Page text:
to be carried from the first neurone to the second.

Reflex Arc (Nervous System in Action):


If your finger touches a hot surface, receptor cells in the skin of your finger detect a stimulus, which
is a sudden rise in the temperature. The receptor uses the energy of the stimulus to generate
electrical impulses. These impulses are then carried by the axons of the dendrites of the sensory
neurone through cell body to axon and from the axon to the CNS. At the CNS the electrical impulses
travel through the synapse to the relay neurone, which passes it onto the motor neurone. The nerve
impulses are transmitted through the axon of the motor neurone to the targeted muscle which
contracts when electrical impulses reach it, resulting in your finger being pulled away from the hot
surface. This pathway is called the reflex arc and happens in about a fraction of a second.

Reflex Arc:

RECEPTOR Sensory Neurone CNS Motor Neurone


EFFECTOR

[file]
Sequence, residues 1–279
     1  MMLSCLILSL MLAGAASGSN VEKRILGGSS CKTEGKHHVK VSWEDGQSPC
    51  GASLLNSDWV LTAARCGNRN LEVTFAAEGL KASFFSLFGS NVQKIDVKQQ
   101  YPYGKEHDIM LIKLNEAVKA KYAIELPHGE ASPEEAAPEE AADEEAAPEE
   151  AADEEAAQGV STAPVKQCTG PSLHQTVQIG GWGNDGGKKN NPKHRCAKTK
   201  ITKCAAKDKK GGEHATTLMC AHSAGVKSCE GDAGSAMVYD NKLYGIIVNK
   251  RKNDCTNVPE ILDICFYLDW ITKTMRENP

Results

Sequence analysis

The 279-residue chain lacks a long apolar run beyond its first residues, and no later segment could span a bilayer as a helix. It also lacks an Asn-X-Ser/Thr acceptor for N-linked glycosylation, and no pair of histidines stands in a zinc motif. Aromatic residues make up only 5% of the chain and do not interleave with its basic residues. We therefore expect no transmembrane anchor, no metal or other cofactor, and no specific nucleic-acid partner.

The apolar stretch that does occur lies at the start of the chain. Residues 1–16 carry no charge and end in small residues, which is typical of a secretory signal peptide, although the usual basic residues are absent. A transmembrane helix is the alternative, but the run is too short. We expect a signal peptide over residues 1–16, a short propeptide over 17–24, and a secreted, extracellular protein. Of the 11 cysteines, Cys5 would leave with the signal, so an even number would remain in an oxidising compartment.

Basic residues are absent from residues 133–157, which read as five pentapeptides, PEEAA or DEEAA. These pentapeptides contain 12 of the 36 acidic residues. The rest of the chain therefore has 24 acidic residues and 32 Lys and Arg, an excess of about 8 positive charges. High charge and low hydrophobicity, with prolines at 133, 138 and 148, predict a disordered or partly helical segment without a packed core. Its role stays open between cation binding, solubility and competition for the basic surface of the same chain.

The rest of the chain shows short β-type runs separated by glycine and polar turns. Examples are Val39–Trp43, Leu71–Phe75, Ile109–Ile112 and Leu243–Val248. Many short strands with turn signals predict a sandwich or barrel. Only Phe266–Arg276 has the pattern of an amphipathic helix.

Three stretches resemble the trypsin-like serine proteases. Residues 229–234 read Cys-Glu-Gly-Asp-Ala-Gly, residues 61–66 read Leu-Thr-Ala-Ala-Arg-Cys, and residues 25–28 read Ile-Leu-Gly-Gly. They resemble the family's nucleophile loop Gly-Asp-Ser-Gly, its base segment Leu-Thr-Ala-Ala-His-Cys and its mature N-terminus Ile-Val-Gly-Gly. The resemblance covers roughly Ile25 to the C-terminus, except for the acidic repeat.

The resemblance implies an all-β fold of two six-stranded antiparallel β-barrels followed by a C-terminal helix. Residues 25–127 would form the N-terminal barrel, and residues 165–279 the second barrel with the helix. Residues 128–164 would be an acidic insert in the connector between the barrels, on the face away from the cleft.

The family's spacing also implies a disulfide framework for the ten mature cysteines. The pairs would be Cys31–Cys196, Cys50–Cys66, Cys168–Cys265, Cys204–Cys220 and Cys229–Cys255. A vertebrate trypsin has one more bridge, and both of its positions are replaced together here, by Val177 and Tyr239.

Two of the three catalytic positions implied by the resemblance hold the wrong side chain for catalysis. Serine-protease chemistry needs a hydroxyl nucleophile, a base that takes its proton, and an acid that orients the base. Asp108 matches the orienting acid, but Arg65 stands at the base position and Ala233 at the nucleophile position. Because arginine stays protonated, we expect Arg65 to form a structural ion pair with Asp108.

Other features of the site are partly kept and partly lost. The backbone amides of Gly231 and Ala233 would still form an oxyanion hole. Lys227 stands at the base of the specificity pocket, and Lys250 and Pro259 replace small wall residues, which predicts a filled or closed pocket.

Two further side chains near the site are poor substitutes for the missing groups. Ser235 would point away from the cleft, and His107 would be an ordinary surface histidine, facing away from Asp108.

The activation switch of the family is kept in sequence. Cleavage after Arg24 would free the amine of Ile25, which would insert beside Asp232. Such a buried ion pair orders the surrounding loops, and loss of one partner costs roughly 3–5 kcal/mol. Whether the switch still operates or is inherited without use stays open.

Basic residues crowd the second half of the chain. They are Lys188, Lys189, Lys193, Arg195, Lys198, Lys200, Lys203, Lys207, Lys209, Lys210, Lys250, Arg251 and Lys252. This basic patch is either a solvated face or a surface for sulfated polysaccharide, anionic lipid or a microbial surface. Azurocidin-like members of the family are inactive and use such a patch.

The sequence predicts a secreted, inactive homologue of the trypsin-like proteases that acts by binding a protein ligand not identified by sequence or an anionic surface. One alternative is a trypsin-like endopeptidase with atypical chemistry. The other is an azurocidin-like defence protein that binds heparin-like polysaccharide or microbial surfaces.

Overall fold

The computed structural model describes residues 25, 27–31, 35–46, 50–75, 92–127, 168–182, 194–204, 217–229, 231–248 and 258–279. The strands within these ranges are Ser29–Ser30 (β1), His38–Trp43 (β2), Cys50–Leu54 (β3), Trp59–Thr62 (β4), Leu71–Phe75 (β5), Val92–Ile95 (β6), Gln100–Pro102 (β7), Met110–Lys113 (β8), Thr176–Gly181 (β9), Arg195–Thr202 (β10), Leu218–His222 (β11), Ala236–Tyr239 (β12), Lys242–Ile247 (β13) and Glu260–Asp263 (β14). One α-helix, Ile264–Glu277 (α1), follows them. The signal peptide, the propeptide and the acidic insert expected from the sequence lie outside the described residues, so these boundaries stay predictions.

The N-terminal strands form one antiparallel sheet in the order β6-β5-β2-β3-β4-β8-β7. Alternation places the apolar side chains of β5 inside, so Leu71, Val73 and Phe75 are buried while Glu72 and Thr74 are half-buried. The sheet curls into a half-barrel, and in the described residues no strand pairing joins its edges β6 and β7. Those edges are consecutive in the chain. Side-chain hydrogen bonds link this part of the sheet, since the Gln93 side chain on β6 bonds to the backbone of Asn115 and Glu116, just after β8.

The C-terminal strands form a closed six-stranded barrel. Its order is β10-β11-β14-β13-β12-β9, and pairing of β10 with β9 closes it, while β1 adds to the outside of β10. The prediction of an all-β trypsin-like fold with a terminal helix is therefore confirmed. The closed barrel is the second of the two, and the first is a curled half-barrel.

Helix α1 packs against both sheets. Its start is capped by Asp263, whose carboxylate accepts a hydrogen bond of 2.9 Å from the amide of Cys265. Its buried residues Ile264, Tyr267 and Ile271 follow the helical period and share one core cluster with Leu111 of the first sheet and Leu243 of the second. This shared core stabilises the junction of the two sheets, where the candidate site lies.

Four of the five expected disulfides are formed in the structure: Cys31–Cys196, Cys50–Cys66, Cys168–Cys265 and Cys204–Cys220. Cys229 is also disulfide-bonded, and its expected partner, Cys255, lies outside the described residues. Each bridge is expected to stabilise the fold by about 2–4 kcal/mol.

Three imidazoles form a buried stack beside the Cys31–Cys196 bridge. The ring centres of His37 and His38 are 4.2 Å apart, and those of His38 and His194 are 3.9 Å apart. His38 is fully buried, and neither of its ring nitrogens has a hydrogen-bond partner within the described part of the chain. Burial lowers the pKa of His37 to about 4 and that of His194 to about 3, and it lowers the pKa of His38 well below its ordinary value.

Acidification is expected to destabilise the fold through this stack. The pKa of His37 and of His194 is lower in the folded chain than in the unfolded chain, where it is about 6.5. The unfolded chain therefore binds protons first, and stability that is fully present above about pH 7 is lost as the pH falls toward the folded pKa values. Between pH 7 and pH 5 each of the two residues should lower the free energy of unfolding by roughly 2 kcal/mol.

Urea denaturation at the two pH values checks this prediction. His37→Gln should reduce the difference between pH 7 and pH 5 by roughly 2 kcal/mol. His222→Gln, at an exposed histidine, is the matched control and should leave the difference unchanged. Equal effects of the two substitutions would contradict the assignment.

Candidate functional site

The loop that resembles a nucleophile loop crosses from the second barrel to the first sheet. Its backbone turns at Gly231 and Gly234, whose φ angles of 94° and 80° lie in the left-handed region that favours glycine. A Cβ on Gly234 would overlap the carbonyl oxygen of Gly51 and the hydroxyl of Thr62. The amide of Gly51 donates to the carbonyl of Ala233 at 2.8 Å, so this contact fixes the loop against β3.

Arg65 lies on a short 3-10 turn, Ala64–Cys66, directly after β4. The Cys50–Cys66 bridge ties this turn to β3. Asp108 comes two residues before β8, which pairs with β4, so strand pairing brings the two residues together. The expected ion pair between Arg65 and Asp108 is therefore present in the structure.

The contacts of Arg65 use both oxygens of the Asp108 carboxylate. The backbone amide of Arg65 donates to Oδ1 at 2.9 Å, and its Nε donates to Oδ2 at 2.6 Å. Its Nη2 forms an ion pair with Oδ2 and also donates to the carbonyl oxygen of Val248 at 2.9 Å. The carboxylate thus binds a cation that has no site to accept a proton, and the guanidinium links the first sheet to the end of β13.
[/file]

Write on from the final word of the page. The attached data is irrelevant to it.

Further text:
Voluntary and Involuntary Actions:


The reflex arc is a reflex action. Reflex means it is automatically done without your choice. This is
because when the electrical impulses reach the relay neurone in the CNS from the receptors, some
impulses are carried by other neurones to the brain, and some impulses are passes onto the motor
neurone to the effector muscle and the response takes place. The electrical impulses going to your
brain are much slower that the ones going to the effector muscle directly. This is why the reflex

action takes place before you realise it, it is uncontrollable. Reflex actions are said to be involuntary
actions. Involuntary actions start at the sense organ heading to the effector. They are extremely